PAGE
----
28 June 2012

The Gentry Man

My sad collection of Four. Only 19 more to go.

At $20 - $30 an issue, The Gentry Man affords the "Best Of" for about $13 bucks on Amazon. Chapters speak to 'a good life' spirit. I'd add only one chapter.

Anachronistic travel stories with luggage made out of granite are balanced by insight into travel of style and luxury. Curious to know what happens to an industry hammered by price buyers? Look no further than air travel. Why has elegance gone out of menswear? Because we're wearing the equivalent of a $99 United Airline's ticket.

Publisher and editor, William Segal was an artist and color, despite a fair amount of monochrome pages, was always important. He was always looking to teach and enlighten. Any of the future car color combinations could be used anywhere. Clothing, house interiors or a painting.

Women have the talent to speak in color and understand it as well. Maybe that's why they get along so well with men in interior design. But as an artist and a publisher, color was everything to Segal and I can't help but wonder what he could have done with a larger budget or if he hadn't invested so much in the expensive attachment of swatches and fishing flies.

I'm a big fan of colorful resort wear and am always reminding myself of the 'Time, Place & Occasion' rule. Despite these fellas being in Barbados, I'm not sure the time is right and I can't imagine what the occasion would be.

My favorite chapter is food and drink. I've said it before, I may not be able to drink or screw the rest of my life, but you gotta eat. Author Hal Rubenstein has selected amazing recipes that are, unless you're a vegetarian, amazingly contemporary. If you're a young man and you're looking for classic seduction techniques, I recommend you start with cooking. Groans of passion, as a new friend tells me, can come from your cooking or sex.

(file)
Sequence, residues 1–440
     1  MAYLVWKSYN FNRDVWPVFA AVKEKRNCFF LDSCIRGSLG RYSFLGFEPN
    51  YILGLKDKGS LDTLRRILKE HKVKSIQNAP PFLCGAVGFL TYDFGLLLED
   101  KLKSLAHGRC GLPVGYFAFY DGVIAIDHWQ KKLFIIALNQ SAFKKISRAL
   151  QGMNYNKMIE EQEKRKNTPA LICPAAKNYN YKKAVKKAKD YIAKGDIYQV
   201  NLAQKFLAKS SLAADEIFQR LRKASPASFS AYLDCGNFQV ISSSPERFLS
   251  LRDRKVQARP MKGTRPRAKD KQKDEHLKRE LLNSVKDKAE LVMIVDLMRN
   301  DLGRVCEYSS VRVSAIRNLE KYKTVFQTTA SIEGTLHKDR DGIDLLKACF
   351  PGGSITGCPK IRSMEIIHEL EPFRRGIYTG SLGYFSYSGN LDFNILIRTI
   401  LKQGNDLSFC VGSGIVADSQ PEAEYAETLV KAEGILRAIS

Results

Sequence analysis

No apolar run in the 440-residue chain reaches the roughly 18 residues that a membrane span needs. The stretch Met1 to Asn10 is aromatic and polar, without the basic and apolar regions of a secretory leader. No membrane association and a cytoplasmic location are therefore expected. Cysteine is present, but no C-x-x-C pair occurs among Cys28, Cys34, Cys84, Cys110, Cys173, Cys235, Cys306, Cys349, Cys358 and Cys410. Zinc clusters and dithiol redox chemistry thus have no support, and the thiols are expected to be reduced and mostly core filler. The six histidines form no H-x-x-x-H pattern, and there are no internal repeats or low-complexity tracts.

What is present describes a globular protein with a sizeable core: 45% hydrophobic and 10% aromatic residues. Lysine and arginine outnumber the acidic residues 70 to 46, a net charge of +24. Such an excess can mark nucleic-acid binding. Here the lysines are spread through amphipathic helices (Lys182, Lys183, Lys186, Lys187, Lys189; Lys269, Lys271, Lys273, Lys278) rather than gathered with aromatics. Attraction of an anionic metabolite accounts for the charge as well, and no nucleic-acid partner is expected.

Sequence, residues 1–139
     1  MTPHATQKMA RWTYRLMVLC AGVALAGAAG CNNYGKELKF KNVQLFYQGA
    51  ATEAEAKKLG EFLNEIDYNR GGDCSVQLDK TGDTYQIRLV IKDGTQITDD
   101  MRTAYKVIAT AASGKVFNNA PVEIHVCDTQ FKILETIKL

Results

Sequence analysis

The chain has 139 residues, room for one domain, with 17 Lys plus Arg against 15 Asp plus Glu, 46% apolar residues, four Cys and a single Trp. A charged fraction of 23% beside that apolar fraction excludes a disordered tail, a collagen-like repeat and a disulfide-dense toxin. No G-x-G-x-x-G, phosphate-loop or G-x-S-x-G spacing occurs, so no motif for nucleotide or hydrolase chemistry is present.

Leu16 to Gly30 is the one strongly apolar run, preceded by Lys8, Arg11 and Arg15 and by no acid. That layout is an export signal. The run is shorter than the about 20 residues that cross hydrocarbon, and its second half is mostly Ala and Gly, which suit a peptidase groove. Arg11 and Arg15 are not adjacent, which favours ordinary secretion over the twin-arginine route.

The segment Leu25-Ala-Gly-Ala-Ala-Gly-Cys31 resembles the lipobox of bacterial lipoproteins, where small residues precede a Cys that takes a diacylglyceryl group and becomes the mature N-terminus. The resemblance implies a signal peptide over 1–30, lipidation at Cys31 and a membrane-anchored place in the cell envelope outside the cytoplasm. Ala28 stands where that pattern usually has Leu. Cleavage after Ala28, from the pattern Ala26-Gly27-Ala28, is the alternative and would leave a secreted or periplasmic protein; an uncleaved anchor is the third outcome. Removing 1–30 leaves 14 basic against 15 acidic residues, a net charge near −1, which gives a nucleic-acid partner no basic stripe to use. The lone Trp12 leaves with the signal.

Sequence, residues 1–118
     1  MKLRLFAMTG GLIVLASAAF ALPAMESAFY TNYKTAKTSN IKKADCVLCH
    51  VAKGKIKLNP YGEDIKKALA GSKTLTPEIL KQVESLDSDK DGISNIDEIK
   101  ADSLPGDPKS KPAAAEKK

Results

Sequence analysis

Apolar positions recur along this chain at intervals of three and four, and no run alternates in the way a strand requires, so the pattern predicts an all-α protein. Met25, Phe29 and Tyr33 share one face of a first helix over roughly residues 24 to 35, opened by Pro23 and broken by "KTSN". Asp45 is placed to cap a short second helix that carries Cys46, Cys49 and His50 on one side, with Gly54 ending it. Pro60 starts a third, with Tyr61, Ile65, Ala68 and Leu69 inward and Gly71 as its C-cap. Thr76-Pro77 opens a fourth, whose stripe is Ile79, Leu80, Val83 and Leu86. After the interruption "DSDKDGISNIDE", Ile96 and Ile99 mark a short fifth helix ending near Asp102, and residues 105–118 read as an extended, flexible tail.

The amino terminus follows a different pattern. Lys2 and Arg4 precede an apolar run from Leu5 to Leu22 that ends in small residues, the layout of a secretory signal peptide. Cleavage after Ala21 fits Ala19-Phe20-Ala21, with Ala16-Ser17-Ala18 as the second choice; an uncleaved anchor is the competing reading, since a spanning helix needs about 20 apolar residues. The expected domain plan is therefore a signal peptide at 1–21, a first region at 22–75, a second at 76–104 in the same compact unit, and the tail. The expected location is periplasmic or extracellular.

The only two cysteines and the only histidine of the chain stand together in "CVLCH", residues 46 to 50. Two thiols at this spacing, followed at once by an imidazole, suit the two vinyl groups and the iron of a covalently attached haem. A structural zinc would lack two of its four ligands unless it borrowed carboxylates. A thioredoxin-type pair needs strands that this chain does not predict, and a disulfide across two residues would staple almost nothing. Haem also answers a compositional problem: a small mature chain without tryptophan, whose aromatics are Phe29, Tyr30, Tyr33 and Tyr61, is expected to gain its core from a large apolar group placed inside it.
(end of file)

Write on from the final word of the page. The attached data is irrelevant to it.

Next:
These fabric swatches were applied by hand, mostly by young women working in Gentry's offices in the Empire State Building. Whenever I see these, I can't help but wonder who the young woman was that affixed the swatch -- what they were thinking at that moment...and what they would be having for dinner that night. Perhaps with a young man who knew how to cook. It's a lovely image I like to conjure up...

The down side of all the eating and drinking is addressed in another example of wise advice suitable for all of us middle aged men who get out of breath rolling over in bed. Some neat tricks. A tomato juice ordered first thing in a restaurant to fend off the bread basket. A creative use of glasses and a constant portion discipline trumps exclusion of certain foods.

When I was a young man, in my twenties and living in NYC and later Philadelphia...I paid very close attention to women who were artists. I suppose you might say I was a groupie. For me, there was nothing more boring than dating a CPA for an insurance company whose only art on her wall was a framed Winterhur poster and whose books were limited to college texts and best sellers that had never been cracked. I'm not saying I wouldn't stay the night given the opportunity or invitation. I am saying I'd never go back. Usually.